Yet Moses' writings are not as entirely anonymous as one might think after reading Bentzen's comment. In the book of Deuteronomy Moses refers to himself in the first person many times, as even Bentzen grants on p. 201. Oddly enough, he and many like him will not admit that Daniel wrote the book of Daniel, even though Daniel makes that clear by saying ''I, Daniel” a number of times. Bentzen refers to this fact as "the problem of pseudonymity."

Thus is Moses does not speak in the first person, he is not the author. lf Daniel does speak in the first person, he is not the author. With that logic, that critics can't lose.

Self Praise

2. "And even an anonymous writer would certainly not praise his own humility (Num. 12:3), or exalt himself as in Dt. 34:10-12, cf. Num. 12:7f., and Ex. 11:3." (The reader should look at the passages we are discussing in this essay, because our space is too limited to print them out in full.)

First of all, we should mention that the Deut 34 passage could have been written by someone else after the death of Moses; perhaps it was Joshua. It tells of the death of Moses. The passage from Number 12 has the Lord speaking in defense of Moses against false accusations by re-affirming his office as the Lord's chosen prophet: "My servant Moses is not so, who is faithful in all mine house.'' The Exodus 11 passage says that Moses was great in the land of Egypt, meaning that he was wellknown and of great influence. In other words, he was famous.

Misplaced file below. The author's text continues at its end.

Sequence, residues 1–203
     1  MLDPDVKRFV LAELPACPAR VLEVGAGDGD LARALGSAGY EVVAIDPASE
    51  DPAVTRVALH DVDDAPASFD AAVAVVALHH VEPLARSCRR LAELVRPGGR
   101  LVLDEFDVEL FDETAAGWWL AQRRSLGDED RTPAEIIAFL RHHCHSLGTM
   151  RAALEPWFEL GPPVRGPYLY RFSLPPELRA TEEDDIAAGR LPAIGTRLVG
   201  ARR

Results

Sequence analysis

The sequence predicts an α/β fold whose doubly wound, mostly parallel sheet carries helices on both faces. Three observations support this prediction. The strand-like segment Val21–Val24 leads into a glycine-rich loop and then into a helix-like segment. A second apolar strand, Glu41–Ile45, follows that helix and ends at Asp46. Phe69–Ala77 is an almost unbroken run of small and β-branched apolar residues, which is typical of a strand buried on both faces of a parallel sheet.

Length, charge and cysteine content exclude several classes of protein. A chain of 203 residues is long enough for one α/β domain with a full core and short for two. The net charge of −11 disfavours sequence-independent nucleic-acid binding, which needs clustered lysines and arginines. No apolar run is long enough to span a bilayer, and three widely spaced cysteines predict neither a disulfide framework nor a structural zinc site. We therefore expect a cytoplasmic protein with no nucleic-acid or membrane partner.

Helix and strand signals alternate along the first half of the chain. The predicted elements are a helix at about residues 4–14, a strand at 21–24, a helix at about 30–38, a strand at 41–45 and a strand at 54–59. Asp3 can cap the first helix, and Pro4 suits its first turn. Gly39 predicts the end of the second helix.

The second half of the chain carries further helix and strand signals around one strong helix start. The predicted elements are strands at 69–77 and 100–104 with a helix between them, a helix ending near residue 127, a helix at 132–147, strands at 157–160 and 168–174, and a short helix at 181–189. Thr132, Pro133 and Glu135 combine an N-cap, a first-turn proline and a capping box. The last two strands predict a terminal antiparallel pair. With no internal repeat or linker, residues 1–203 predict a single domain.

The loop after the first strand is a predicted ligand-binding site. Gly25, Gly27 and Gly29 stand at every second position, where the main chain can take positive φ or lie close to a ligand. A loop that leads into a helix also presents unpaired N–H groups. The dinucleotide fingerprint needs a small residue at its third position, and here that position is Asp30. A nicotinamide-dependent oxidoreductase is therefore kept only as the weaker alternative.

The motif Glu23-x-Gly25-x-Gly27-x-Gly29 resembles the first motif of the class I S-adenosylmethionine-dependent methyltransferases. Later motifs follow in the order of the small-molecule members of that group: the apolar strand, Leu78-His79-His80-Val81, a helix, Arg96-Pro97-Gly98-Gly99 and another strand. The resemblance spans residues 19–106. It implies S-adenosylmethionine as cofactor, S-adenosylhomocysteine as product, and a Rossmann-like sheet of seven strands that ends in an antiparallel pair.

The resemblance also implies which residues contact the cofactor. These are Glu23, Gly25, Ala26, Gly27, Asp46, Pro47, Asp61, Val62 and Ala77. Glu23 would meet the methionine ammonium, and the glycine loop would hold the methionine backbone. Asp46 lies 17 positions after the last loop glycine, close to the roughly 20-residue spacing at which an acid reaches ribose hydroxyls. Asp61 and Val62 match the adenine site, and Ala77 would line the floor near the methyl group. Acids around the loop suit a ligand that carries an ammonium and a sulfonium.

Now as for Numbers 12:3: "Now the man Moses was very meek, above all the men which were upon the face of the earth." This was not foolish praise of himself, but is necessary to what follows in the chapter. Young correctly says, "It was because of his exalted position in the divine economy that Moses was the meekest of men and therefore would not stoop to defend himself agaisnt such an attack. Hence the Lord spoke suddenly, coming to his defense. lf v. 3 be not original, the action of the Lord

(v. 4) is inexplicable." (Introduction, p. 93)

  1. "Deut. 34:10-12 is one of the passages proving that the author lived after the time of Moses. They look back to that age and compare it with the author's own days." We have already mentioned that this chapter was possibly written by Joshua or some other prophet alter Moses died. But even so, it is not proved that Moses could not have written it. These verses do not necessarily refer to a distant past compared with the author's time. The passage reads, "there arose not a prophet since in Israel like unto Moses.'' But the word translated "since" can just as well mean simply "again." Thus it might be a prophetic statement with the meaning that Moses was the last kind, who met with the Lord "face to face," and that there would not be another like him until the Savior comes.